Mental Health in Adolescence

Adolescence is a time when mental health challenges—including anxiety and depression—often emerge. In the decade prior to 2019, suicide rates for teens jumped 40% in large fringe metro areas, and they spiked even more during the COVID-19 pandemic.

These problems can affect all aspects of youths’ lives, including their school and grades, decision making and their health.


Feeling sad or low occasionally is a normal part of life but depression is much more serious and can have a big impact on our lives. It can make us feel hopeless, worthless and like things will never improve. Depression is one of the most common mental health disorders and it can affect people of all ages.

In teens, symptoms may include a persistent low mood, irritability, feelings of worthlessness and anger, troubled relationships, self-harm, changes in eating and sleeping patterns, drug or alcohol misuse or a decline in school performance. Some teens may not want to talk about their symptoms and might hide their concerns from friends and family.

Depression is treated with talking therapy and sometimes medications. It can take time to find the right treatment and there may be some trial and error with different medicines.


Anyone can have an anxious moment, but when it’s chronic or overwhelming, it may be a sign of an anxiety disorder. It can cause you to avoid people and activities because you worry about them. This can lead to problems at work and school.

Anxiety can be triggered by a negative life event or a buildup of stress over time. It can also run in families and be influenced by personality.

If your child or teen has severe, long-lasting anxious feelings that interfere with their schoolwork, socialising and everyday activities, it’s a good idea to talk to them about getting professional help. The sooner they get help, the more likely they are to recover.

Bipolar Disorder

All kids and teens have rough patches when they’re down or irritable, but if these episodes get worse, last longer and interfere with daily life, it may be more than just “teenage angst.” It could be an early sign of bipolar disorder.

Symptoms of this mental health condition can range from emotional highs called mania or hypomania to serious depression. During manic episodes, teens often think and speak fast, need little sleep, and feel overly happy for no apparent reason.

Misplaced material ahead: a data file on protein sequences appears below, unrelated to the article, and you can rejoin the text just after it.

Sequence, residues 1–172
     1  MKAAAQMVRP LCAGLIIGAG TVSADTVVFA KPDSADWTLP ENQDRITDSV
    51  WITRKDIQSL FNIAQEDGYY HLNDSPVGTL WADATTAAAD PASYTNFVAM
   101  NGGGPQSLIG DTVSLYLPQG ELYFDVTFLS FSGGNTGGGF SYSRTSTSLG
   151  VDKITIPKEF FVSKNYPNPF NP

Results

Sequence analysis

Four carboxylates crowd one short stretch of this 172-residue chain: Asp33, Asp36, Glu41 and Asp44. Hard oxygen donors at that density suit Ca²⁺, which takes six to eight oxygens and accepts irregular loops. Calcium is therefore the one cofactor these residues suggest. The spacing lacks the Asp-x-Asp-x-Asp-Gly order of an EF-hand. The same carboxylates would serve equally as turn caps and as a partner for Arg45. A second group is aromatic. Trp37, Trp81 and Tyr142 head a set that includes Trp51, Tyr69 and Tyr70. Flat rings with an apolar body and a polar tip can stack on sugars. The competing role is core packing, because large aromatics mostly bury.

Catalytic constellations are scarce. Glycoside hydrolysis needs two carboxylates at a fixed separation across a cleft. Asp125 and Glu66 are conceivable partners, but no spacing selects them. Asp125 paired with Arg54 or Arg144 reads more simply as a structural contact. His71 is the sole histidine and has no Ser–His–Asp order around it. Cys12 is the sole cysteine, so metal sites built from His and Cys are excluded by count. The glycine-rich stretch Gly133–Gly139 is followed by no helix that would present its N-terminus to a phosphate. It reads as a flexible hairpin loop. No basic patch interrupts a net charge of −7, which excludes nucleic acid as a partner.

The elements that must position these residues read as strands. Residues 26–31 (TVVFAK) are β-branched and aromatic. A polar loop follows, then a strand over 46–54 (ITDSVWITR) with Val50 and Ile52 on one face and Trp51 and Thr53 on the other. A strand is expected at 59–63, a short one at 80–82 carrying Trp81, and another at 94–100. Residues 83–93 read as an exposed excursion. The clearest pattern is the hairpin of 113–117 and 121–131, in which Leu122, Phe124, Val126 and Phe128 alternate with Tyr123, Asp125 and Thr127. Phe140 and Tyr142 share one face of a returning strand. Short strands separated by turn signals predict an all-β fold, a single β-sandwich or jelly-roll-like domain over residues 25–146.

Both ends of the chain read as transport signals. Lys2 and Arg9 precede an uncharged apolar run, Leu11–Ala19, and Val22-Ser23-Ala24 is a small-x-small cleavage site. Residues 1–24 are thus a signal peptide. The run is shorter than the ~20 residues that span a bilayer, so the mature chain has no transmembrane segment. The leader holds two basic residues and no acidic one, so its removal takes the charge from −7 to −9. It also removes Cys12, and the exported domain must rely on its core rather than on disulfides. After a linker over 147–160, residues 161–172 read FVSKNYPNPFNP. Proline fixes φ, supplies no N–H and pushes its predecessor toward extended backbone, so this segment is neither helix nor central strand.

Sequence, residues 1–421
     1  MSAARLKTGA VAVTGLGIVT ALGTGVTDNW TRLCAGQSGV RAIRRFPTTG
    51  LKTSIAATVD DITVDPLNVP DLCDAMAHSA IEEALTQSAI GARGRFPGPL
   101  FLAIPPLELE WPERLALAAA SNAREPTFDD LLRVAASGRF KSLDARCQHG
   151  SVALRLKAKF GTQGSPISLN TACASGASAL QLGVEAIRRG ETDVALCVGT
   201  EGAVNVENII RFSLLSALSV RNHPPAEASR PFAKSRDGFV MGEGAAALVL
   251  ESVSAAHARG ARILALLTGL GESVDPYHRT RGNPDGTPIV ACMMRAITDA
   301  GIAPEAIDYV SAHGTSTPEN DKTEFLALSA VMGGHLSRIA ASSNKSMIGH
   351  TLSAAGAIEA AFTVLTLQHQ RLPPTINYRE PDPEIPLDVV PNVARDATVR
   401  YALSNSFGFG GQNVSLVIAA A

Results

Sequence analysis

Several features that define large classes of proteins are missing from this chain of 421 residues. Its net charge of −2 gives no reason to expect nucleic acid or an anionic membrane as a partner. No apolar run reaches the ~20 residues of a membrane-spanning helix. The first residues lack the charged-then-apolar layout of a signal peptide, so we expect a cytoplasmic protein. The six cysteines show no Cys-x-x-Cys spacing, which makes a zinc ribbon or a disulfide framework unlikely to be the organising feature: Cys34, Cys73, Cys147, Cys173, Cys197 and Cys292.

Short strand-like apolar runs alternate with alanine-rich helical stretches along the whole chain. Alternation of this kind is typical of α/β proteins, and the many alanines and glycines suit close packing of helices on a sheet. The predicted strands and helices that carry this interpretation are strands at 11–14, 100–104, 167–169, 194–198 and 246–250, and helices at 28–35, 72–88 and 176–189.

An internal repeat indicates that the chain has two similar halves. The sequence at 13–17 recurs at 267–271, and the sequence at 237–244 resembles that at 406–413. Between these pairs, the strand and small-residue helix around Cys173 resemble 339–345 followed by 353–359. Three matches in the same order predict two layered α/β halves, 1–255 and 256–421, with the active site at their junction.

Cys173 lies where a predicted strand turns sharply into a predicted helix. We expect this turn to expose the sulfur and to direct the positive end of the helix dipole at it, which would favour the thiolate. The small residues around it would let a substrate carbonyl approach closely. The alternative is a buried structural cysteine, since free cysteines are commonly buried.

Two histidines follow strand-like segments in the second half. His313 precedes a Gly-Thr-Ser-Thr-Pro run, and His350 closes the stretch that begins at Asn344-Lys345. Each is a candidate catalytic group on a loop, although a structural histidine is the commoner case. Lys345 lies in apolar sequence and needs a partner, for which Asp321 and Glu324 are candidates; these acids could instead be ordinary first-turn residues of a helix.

Medications and therapy are both important for treating bipolar disorder in teens. Psychotherapy, also known as talk therapy, can help a teen work out stress and improve relationships with family and friends. A study showed that interpersonal and social rhythm therapy helped teens with this condition stabilize their moods and establish regular sleep-wake cycles.

Attention Deficit Hyperactivity Disorder (ADHD)

ADHD can affect many areas of life including school and family relationships. Teens with ADHD are at higher risk for anxiety, substance abuse and behavioral/conduct disorders. They may have trouble building friendships, and often feel rejected by peers.

Therapists can teach teens strategies to improve focus and self-control, cope with distracting feelings, and improve social skills and interpersonal interactions. They can also help them understand their ADHD and its effects.

While it isn’t clear what causes ADHD, it tends to run in families. Researchers think it has to do with genes and changes in brain chemicals. Symptoms can worsen during adolescence, when a person is faced with increased academic and social demands. They can also become more impulsive and engage in risky behaviors, such as drug use and sexual activity.


Trauma is the result of an emotionally disturbing or life-threatening experience that leaves lasting adverse effects on mental, physical, emotional and spiritual well-being. There is a strong connection between trauma and chronic health conditions, particularly those that affect the brain and nervous system.

People with a history of trauma often develop behavioral health concerns including anxiety, depression, and substance use disorders. In addition, they may struggle in relationships and have difficulty obtaining meaningful employment. They can also be at risk for developing chronic medical conditions like cardiovascular, gastrointestinal, respiratory, musculoskeletal and neurological problems.

These symptoms can be caused by a single event or repeated exposure to trauma over time. Those that have experienced repeated traumas are more likely to develop PTSD. People with PTSD are at greater risk for developing other types of mental health problems as well as behavioral health concerns like self-harm and high-risk behaviors that lead to incarceration or homelessness.